Husak on Preventive Detention as Punishment
Douglas Husak (Rutgers, The State University of New Jersey - Department of Philosophy) has posted Lifting the Cloak: Preventive Detention as Punishment (San Diego Law Review, Vol. 48, p. 1173, Fall 2011) on SSRN. Here is the abstract:
I propose that the most promising means to defend preventive detention is to construe it as punishment for crime. I respond to conceptual and normative reasons to believe that my proposal is unsound.
Magrisso on Protecting Apartment Dwellers from Warrantless Dog Sniffs
Joseph Magrisso has posted Protecting Apartment Dwellers from Warrantless Dog Sniffs (University of Miami Law Review, Forthcoming) on SSRN. Here is the abstract:
This article argues that when the United States Supreme Court decides Florida v. Jardines, No. 11-564, it should hold that a dog sniff for drugs of the exterior of a home is a search under the Fourth Amendment to the Constitution. The Florida Supreme Court had held that a dog sniff of the exterior of a house is a search requiring probable cause and a warrant. However, the Florida Supreme Court did not extend its holding to dog sniffs of the exteriors of apartments and similar dwellings in multi-unit structures. Faced with precedent from other jurisdictions that interprets United States Supreme Court case law to hold that a dog sniff is never a search, the Florida Supreme Court nonetheless endeavored to preserve the sanctity of the home from the intrusion posed by warrantless dog sniffs. Once determined on that path, the Florida Supreme Court should have extended Fourth Amendment protection from warrantless dog sniffs to types of homes other than houses. This article argues that, as homes, apartments and similar dwellings harbor expectations of privacy just as reasonable as those attached to houses, so that if houses receive protection, so should they. The Florida Supreme Court left its task incomplete, but Jardines has presented the United States Supreme Court with an opportunity to revisit its dog sniff jurisprudence, and to preserve the sanctity of the home.
Bentzen on Searching Government Employees in Light of City of Ontario v. Quon
Sheila Anne Bentzen (University of Iowa - College of Law) has posted Safe for Work? Analyzing the Supreme Court's Standard of Privacy for Government Employees in Light of City of Ontario V. Quon (Iowa Law Review, Vol. 97, No. 4, 2012) on SSRN. Here is the abstract:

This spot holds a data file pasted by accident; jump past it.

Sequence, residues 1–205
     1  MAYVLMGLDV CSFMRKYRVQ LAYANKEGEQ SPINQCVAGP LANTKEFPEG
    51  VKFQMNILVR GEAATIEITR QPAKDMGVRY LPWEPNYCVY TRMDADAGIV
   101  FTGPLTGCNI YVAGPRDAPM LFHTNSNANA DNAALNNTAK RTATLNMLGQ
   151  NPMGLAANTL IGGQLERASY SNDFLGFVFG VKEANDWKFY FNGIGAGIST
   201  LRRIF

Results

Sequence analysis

This note analyzes the need for the Supreme Court to develop a constitutional standard for determining whether a government search of a public employee is reasonable under the Fourth Amendment. Specifically, this note stresses that the test needs to take into account emerging technology and its impact on public employees’ privacy rights. To properly ground these issues in current law, this note explores them through the lens of the Supreme Court’s two major opinions related to government searches of its employees — O’Connor v. Ortega and City of Ontario v. Quon. The note demonstrates that the Supreme Court has yet to produce a standard that adequately protects the privacy interests of public employees. To fill this gap in the law, this note proposes a balancing test that weighs the interests of both the government employer and the government employee. The test does so by considering the extent to which an employee’s work-related activity carries over into the private sphere of the home.
March 21, 2012
Tinto on Sentencing Manipulation
This Article examines the legal doctrine of “sentencing manipulation,” a claim, raised at the time of sentencing, in which the defendant argues that undercover police officers purposefully encouraged him to commit particular criminal conduct in order to expose him to a higher, and often mandatory, punishment. Currently, the sentencing manipulation claim has no consistent animating theory nor uniform definition or procedural treatment. Based on traditional theories of punishment as well as the systemic interest in an accurate determination of a defendant’s culpability, this Article argues that inducements, used by undercover officers and their agents to encourage the suspect to commit particular criminal conduct, should be the central focus of a reformed sentencing manipulation doctrine. The sentencing manipulation doctrine as currently conceived fails to recognize the potential and problematic impact of police inducements on an assessment of a defendant’s culpability and reflects binary concerns of guilt versus innocence that, while perhaps appropriate for a claim made at trial, are inapposite for a claim made at the time of sentencing. In determining where to draw the line between police inducements that affect a defendant’s culpability and those that do not, this Article also suggests a new way to view police conduct — on a continuum ranging from conduct that “facilitated culpability” to conduct that “overstated culpability.” A reformed doctrine of sentencing manipulation, as proposed by this Article, appropriately directs courts’ focus to inducements used by the police or their agents that result in the overstatement of a defendant’s culpability, and to offense conduct which should therefore be removed from the sentencing calculus.